Reminisce: William Rusler was ‘the Sage of Shawnee’

When a stray chimney spark started a fire on the roof of a Shawnee Township home in late April 1912, the Lima Times-Democrat marveled that “within ten minutes after the alarm had been given there were automobiles, motorcycles, buggies, etc., completely blockading the road in front of C.A. Rusler’s home, everybody eager to help put out the fire.”

The fire, which was quickly extinguished by a volunteer bucket brigade, also brought out C.A. Rusler’s father, William Rusler, from his nearby farm.

Befitting a man known as the “Sage of Shawnee,” William Rusler, with an audience and a topic (how quickly modern conveyances had brought help to battle the fire), did a little philosophizing: “People can talk about the good old times – these times are plenty good enough for me,” the 61-year-old Rusler told the Times-Democrat reporter. “I would have been glad to have lived a hundred years from now instead of now and fifty years back.”

Rusler, who was born in the mid-19th century, knew something about the “good old times” of the past. He’d written a book on it, or, more precisely, he’d overseen the compilation of the book.

Born March 7, 1851, William Rusler was the son of Philip and Elizabeth Rusler. His father was born in Trumbull County in 1825 and was 23 when he came to Allen County, where he married Elizabeth Anthony, whose parents had left Jackson County and settled in Shawnee Township in 1838. After Philip and Elizabeth married, they bought 40 acres in Shawnee Township but sold it a few years later, loaded up a wagon and headed for Iowa, which didn’t suit them.

“A short experience in that wild country sufficed, and they returned to Ohio and bought 60 acres of land near St. Marys, … on which they resided three years, Mr. Rusler then selling that tract and buying 80 acres in Shawnee Township,” according to the 1921 Allen County history.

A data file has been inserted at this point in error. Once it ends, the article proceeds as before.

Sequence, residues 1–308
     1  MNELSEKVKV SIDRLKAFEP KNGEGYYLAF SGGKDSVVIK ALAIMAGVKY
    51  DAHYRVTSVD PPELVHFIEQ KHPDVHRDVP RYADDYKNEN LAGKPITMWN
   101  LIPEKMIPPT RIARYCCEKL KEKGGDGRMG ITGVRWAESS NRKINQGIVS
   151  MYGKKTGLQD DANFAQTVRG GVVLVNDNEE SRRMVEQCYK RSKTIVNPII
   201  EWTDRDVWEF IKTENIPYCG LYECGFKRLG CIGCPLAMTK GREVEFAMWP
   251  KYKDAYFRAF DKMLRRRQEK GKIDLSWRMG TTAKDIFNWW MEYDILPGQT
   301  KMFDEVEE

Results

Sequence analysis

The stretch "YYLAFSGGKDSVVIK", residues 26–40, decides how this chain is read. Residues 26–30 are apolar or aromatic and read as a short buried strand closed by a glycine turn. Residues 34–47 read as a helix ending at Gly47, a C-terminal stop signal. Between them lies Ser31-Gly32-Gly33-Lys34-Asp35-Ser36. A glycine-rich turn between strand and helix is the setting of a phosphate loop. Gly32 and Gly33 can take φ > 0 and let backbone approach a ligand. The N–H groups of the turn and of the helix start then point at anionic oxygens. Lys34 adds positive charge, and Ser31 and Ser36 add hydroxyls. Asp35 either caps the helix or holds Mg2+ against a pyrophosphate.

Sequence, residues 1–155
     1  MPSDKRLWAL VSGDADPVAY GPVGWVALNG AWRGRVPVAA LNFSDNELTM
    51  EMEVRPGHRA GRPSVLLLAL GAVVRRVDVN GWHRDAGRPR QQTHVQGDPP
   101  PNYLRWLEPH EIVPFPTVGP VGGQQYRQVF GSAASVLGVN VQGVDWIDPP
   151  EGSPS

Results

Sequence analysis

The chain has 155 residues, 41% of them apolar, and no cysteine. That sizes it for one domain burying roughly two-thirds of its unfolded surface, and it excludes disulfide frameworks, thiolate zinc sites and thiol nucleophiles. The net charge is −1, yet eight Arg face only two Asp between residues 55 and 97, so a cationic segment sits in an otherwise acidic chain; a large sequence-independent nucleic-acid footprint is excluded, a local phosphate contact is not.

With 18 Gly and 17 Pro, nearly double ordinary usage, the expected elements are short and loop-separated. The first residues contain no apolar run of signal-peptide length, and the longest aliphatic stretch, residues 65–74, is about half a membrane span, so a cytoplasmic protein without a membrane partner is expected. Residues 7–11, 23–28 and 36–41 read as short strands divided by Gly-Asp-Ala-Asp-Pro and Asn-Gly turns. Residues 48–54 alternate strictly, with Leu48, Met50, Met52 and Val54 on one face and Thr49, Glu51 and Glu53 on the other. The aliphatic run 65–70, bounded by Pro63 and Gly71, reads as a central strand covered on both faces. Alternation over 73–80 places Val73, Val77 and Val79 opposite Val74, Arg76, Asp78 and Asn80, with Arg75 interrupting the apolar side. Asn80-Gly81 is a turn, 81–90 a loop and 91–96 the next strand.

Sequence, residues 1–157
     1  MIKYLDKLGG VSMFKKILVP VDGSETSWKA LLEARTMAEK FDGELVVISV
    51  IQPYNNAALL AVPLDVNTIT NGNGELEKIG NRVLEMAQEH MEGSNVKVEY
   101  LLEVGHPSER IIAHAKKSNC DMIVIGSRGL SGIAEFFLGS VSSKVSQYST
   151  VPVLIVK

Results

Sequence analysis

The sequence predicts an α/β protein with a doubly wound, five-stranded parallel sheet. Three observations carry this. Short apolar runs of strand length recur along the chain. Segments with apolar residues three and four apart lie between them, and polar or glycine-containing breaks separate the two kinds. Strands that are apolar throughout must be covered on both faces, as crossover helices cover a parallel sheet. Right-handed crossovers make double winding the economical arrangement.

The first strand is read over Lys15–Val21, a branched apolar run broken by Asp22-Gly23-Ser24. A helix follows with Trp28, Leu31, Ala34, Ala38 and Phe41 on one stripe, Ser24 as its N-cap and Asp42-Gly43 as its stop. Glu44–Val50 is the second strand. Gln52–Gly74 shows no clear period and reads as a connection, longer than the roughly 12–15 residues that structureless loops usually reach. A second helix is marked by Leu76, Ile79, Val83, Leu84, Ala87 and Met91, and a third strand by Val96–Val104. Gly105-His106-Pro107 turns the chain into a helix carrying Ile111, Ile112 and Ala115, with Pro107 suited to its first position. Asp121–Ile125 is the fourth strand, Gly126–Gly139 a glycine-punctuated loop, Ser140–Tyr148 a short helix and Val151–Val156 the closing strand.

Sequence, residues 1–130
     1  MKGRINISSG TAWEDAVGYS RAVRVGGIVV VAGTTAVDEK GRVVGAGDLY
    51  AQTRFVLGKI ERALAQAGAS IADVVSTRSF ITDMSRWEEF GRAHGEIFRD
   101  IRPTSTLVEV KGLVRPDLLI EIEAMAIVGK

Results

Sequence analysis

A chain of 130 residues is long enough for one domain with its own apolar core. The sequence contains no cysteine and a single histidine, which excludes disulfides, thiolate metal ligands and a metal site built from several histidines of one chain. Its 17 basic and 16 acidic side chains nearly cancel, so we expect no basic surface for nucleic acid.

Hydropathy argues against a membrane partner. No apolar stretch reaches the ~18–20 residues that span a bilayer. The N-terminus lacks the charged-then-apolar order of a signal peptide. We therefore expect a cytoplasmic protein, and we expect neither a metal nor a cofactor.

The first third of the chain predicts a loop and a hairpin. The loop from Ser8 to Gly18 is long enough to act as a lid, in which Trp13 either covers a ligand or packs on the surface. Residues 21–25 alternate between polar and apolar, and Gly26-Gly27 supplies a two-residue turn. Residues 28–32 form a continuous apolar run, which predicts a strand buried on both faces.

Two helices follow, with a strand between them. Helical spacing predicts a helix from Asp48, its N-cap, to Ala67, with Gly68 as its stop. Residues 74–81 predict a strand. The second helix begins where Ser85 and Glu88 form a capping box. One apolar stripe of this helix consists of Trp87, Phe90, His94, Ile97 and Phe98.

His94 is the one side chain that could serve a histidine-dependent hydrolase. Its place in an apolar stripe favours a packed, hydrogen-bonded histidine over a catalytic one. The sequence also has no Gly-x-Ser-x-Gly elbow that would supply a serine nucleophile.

Philip Rusler enlisted in the Ohio Volunteer Infantry at the outbreak of the Civil War in 1861 but became ill while still in camp and was discharged. He never fully regained his health and died on his Shawnee Township farm in August 1873. Elizabeth married James Yoakam in 1880 and died in April 1904.

William Rusler attended public school in Shawnee Township and one year of high school in Lima.

“It was his intention to take a full college course, but the poor health of his father made it necessary for him to remain at home upon the farm,” according to an 1896 history of Allen County. “His education, however, was well supplemented by his experience as a teacher” for 13 years in Shawnee Township and Noble Township in Auglaize County. In later years, he would serve on the Shawnee Township school board.

In 1872, when he was 21 years old, Rusler was elected Shawnee Township clerk, a position he held for three years. Two years later, in 1874, he married Anna McClintock, of Auglaize County, who died in 1884. The couple had four children, including C.A. Rusler, who would go on to serve as Allen County auditor. Following the death of his first wife, Rusler married Sophronia Wiesenmayer.

After his first marriage, Rusler settled down to the life of a farmer on 80 acres of his father’s old homestead in section 17 of Shawnee Township, which, according to the 1921 county history, “he cleared of timber and on which he made improvements, also adding to his land from time to time until he now has 180 acres, of which 150 acres are under cultivation. During his active years he was successful as a general farmer and raiser and feeder of livestock.”

Rusler’s active years were very active, and not just in farming.

A Democrat, he temporarily left his Shawnee Township farm in February 1886 after receiving an appointment from the first Grover Cleveland administration to act as U.S. government farmer in charge of the Lac Courte d’Orielles Indian Reservation in Wisconsin. On Dec. 11, 1888, he was appointed Indian agent in charge of the LaPointe Indian Agency, which included seven reservations, remaining there until Republican Benjamin Harrison ascended to the presidency.